Feeling Good About What You Do

One of the speakers at last weekend’s Peace Prize Forum was Michael Posner, Professor of Business and Society at NYU’s Stern School of Business.  Posner has been a prominent voice in support of human rights protections in global business operations and the force behind the first-ever center on business and human rights at a business school.  He had much to observe about the state of business integrity and corporate values, but one of his comments stood out especially.  In response to an audience question, he mused, ” I have no doubt that there are corporate people who want to go home at night feeling good about what they do.”  I missed a good deal of the rest of the program as I considered his observation.

It seems likely to me that most of us, given a choice, would prefer going home at the end of the day feeling good about how we had spent our time.  It’s hard to imagine that there might really be those who would prefer having wasted their time or, worse, engaged in activities that impacted others and the world negatively.  (This belief acknowledges the exception of sociopaths and other deviants who are outliers in the range of human norms.)  The vast majority of us seek not only positive monetary rewards for what we do, but also the intrinsic rewards of bringing something positive to our workplace and to others, however large or small that might be.  But  I find myself wondering how many of us actually succeed in doing so.  And I’m a bit nervous about the answer to the corollary question: how does my own view about what I do compare to how the world sees my efforts?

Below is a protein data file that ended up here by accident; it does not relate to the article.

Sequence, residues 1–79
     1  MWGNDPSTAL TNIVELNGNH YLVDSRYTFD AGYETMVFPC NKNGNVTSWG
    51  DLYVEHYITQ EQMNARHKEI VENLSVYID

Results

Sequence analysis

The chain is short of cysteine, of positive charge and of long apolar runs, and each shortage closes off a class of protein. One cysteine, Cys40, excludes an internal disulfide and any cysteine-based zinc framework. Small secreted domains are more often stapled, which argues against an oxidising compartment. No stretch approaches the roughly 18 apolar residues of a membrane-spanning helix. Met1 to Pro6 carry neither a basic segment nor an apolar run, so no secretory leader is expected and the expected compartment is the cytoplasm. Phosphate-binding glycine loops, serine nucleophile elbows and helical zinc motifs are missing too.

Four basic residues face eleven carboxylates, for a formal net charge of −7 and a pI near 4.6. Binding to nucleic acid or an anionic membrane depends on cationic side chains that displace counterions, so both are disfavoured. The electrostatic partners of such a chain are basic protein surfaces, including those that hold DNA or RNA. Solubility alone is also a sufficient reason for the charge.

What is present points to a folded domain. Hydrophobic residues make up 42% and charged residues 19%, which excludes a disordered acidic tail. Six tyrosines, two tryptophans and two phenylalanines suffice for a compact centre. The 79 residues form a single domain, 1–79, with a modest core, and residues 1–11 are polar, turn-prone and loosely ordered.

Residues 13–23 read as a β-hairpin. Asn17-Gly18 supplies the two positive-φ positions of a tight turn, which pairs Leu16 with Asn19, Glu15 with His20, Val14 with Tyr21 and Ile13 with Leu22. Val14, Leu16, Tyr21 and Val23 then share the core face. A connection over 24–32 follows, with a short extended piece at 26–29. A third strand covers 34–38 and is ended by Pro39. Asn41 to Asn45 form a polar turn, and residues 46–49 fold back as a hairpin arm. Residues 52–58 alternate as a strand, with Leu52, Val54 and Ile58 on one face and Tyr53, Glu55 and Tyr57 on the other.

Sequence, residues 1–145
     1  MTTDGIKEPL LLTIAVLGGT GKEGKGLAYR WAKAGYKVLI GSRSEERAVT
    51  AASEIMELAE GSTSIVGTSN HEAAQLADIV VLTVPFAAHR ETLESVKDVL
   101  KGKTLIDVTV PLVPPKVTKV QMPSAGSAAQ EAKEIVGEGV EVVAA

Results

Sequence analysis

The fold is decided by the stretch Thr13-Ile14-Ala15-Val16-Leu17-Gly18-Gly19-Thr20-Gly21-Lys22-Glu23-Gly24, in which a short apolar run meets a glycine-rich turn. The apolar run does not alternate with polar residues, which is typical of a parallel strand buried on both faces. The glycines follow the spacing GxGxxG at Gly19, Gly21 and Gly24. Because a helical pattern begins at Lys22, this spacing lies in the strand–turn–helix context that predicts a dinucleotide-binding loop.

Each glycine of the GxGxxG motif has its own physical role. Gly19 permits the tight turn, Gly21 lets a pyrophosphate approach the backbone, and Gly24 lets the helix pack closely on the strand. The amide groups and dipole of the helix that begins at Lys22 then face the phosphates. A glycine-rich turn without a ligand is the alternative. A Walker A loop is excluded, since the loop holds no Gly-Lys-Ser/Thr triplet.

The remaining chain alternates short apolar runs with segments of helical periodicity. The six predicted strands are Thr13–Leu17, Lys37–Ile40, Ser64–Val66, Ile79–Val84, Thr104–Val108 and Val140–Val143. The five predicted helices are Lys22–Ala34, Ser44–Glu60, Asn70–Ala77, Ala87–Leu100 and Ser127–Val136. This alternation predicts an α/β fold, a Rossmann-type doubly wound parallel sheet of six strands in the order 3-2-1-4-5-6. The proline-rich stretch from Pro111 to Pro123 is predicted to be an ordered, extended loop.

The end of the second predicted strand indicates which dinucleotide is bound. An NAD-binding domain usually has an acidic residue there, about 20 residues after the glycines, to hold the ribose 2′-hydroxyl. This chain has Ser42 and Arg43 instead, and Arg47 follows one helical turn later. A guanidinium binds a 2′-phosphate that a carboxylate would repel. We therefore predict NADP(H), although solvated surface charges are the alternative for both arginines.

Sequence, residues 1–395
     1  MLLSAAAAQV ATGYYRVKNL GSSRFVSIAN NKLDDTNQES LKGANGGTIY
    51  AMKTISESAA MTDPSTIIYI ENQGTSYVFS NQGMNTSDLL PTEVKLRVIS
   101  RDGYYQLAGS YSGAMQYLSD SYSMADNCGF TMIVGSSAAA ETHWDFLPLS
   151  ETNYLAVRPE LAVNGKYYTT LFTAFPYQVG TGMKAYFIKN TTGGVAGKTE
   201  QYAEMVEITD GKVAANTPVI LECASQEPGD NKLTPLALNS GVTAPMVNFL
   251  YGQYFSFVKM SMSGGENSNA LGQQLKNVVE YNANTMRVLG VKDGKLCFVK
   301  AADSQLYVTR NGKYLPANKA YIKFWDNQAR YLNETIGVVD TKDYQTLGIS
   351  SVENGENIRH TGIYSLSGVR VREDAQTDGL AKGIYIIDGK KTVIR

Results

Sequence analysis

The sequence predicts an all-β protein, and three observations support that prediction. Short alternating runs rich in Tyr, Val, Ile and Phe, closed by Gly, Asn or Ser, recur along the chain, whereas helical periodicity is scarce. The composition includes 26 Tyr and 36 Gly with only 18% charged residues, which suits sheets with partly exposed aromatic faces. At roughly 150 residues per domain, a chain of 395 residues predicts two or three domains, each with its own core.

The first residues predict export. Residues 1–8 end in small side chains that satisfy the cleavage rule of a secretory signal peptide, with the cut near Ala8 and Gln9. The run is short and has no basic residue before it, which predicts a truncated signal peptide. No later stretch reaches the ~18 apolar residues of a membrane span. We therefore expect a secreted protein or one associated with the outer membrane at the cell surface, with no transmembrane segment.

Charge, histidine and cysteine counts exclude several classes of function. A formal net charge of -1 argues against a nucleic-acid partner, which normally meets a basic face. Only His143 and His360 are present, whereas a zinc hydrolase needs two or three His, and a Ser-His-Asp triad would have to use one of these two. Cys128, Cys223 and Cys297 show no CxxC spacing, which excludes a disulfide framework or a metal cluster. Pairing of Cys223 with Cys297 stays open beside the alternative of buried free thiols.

The reality is likely that there’s a gulf between wanting to feel good about what we do and actually having the basis for doing so.  Feeling good about what we do presupposes that we are actually doing something that warrants feeling good about.  And therein lies the potential problem, because too often we have little or no understanding of the impact of what we do, intended or not.

Nowhere is this conundrum more puzzling and maddening than in development work, like that undertaken by Winds of Peace in Nicaragua.  In a place of such need, where any gesture of assistance might seem to be an act of uplifting compassion,  I have witnessed the occasional unintended, undermining effects that such generosity can create.  Even Winds of Peace has experienced its moments when we have reflected on a grant or loan and recognized only after the fact that our support may have actually eroded a community’s sense of independence, sustainability or even their dignity.   Maybe it even enabled some self-defeating behaviors.  (Learning is a wonderful phenomenon, but it can be painful as it occurs.)

Doing good work, whether in a corporation or a foundation or on a farm, doesn’t simply happen.  It requires not only whatever technical tools are needed for the job to be done, but also a careful introspection of our motives, a sensitivity to equitable results, an understanding of the outcomes, and the discipline to bring those outcomes into reality.  Simply feeling good about what we do can be achieved by anyone-  all it takes is  a willingness to fool ourselves.  If the “feeling good” part of the equation is for our own benefit, then the work that has been done  begs for scrutiny.   More important than how we feel when we go home at night is whether those we  serve feel good about what has transpired.

Significant accomplishments never come easily.  The works of Nobel Peace Prize laureates are immersed in decades of persistence, selflessness and courage.  Advances in medicine and science occur after generations of trial-and-error, careful analysis of fact and relentless commitment.  Sustainable development in the world has been built upon the listening partnerships forged between the weak and the strong who share a need for justice.  Doing vocation that truly allows us to go home at night feeling good about what we do will never be the result of self-delusion.  It only happens as a result of intentionality, integrity and  careful hard work….

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